This is the propensity to feel strongly about everything a person has, even for qualities you haven’t examined or assessed. Because of confirmation bias, you assume there is proof even though there may not be any because you expect to see (or not see) anything.
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Sometimes, people assume that if someone is gorgeous, he is also smart, nice, and humorous. This one clear favorable characteristic acts as a “halo,” leading others to believe untrue things about their personalities or ability. This is often referred to as the “physical attractiveness stereotype,” in which our perception of a person as a whole affects how we feel or think about their morals.
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This occurs frequently in the employment process when an interview is going well. The hiring manager may overlook a crucial component of the evaluation process because they believe the candidate already possesses the necessary skills in other areas.
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For instance, while analyzing applications, a hiring manager may think that an applicant who attended a prominent university must be a wonderful fit for their business, regardless of the candidate’s knowledge, skills, and attitude. Not taking into account that the other applicants might be a better fit with their ideal candidate profile although they are graduates of other, conventional, universities.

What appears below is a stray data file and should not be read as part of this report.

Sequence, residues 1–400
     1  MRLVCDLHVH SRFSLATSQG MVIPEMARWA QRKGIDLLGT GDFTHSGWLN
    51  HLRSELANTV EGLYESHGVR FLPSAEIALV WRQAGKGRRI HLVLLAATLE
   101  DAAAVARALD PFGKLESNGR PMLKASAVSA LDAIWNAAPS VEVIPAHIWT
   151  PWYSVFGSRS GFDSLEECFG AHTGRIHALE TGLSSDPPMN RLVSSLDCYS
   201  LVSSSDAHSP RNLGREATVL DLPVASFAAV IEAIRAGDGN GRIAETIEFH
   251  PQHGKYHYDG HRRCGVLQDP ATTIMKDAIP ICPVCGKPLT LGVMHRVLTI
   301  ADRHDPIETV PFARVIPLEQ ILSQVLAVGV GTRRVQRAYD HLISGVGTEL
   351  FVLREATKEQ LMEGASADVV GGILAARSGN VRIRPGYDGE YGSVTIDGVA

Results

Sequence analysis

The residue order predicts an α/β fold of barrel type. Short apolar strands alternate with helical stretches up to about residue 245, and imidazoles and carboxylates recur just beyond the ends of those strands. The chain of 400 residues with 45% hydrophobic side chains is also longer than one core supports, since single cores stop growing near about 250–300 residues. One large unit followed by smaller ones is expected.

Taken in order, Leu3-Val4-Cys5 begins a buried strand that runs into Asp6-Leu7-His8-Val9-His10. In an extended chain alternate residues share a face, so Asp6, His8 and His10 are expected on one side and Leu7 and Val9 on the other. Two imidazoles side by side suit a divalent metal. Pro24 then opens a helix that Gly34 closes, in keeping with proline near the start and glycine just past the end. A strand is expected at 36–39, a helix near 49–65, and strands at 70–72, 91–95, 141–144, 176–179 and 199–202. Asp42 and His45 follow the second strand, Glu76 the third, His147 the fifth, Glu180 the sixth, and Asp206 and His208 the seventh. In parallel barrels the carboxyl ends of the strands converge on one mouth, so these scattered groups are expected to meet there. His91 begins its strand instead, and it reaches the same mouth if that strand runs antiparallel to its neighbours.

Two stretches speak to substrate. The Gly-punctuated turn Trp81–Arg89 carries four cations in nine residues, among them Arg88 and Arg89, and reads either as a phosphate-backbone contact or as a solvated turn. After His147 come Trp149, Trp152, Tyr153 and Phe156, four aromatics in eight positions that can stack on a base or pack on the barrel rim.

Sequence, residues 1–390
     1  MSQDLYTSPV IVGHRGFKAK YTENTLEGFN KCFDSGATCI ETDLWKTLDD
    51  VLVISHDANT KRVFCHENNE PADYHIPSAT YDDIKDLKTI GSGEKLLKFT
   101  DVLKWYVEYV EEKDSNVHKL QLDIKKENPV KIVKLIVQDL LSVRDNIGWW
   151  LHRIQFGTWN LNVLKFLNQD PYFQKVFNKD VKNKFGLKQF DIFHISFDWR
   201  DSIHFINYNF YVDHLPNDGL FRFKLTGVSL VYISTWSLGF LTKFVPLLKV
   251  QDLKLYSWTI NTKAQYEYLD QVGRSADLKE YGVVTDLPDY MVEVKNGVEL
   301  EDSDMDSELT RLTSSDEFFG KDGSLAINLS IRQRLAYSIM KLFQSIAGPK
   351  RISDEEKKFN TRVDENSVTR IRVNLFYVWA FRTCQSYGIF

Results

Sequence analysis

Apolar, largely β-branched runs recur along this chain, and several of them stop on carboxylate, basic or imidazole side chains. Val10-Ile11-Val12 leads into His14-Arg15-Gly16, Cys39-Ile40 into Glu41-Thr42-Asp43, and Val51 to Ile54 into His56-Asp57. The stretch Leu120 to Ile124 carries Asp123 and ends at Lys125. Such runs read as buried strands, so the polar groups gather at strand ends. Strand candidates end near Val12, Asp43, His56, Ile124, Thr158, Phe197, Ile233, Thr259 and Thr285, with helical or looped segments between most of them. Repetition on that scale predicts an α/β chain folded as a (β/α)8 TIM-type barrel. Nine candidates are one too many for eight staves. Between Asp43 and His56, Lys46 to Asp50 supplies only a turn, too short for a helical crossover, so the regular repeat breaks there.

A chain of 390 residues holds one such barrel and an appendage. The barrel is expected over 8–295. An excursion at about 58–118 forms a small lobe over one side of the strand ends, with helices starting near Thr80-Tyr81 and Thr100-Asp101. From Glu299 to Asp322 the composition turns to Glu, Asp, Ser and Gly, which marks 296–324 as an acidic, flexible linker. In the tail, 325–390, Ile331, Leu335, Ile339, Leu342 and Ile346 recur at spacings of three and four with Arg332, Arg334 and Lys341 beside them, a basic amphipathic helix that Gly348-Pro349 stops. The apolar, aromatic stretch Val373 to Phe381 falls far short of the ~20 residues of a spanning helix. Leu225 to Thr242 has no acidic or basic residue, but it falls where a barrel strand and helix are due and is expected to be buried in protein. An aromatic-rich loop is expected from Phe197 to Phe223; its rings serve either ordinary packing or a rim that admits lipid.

2. The Horn Effect
The polar opposite of the Halo effect is known as the Horn effect. The horn effect occurs when individuals think undesirable characteristics are related. We subconsciously sigh a little and think, “This is going to be a long hour,” when a contender fumbles with the opening question.
We already have the predisposition to favour the politician as we pose the second question. The existence of an unattractive characteristic of a person from the observer’s perspective might harm how others perceive that person.